Curtin’s Hydrogen Storage Research Group (HSRG), part of the Fuels and Energy Technology Group, is delving into chemically-based storage options for solar power to make renewable energy a viable option for powering commercial and heavy industry throughout Australia.
Deep within one of Curtin’s most tech-heavy buildings, Professor Craig Buckley and his staff are warming to the idea of creating low cost hydrogen storage technology.
Backed by an Australian Research Council grant, the team is investigating storage options for Concentrated Solar Power (CSP) thermal energy plants. These plants operate by mirrors reflecting sunlight onto a tower where it is converted into heat energy for electricity production.
A lack of viable storage options has long been renewable technology’s Achilles heel, but Buckley is hoping to change that.
He and his team are pinning their research efforts on metal hydrides – a chemical energy storage medium where compounds form by binding hydrogen with a material such as sodium and its alloys.
The CSP thermal energy storage system relies on paired metal hydrides, with a high-temperature hydride (HTMH) acting as the heat storage medium and the lower-temperature hydride (LTMH) storing hydrogen.
At night, and in times of cloud cover, hydrogen is released from the LTMH and absorbed by the HTMH which produces heat used to generate electricity.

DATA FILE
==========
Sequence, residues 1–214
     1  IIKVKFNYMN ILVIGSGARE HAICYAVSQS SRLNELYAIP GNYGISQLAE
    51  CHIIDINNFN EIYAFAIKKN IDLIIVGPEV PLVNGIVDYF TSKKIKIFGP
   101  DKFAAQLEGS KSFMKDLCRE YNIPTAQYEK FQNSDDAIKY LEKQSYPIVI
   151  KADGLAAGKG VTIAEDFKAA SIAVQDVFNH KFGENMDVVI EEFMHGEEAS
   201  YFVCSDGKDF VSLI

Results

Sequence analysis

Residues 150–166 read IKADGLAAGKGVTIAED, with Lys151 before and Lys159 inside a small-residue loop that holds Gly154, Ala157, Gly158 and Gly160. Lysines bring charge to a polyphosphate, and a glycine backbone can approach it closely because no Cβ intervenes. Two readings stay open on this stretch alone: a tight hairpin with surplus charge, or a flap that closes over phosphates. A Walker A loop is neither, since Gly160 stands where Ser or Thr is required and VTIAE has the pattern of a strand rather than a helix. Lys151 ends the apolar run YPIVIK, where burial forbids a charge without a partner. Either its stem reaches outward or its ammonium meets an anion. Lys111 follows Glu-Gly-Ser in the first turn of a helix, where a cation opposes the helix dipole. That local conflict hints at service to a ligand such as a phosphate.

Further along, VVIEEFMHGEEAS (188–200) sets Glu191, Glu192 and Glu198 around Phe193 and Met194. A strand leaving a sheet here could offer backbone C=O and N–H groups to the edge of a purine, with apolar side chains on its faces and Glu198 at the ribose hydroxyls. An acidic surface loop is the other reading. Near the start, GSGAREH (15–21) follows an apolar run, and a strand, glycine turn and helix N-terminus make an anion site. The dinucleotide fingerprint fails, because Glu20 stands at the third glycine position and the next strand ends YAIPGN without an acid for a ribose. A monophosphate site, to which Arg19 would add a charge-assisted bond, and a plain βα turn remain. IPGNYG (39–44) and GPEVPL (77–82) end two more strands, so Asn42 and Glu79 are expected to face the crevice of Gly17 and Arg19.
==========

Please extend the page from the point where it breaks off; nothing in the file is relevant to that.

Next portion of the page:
Buckley hopes metal hydrides will replace molten salts – the current storage technology for large-scale CSP plants such as the Crescent Dunes solar power tower in Nevada.
Crescent Dunes generates 110 MW hours of power and supplies roughly 75,000 homes with electricity. Metal hydrides could be far more efficient.
“We are trying to replace the molten salts because they are very low energy density at 153 kilojoules per kilogram whereas a metal hydride is between seven to 55 times more energy dense, depending on the hydride used,” he explains.
It costs approximately $110 million to set up roughly 32,000 tonnes of molten salts for Crescent Dunes and HSRG’s cost analysis shows that implementing hydrides as an alternative storage option could be up to 50 per cent cheaper.
While the technology is progressing, it will still be some time before metal hydrides become a viable option.
“We would probably see hydrides rolled out on the market in the next 10-20 years,” Buckley says.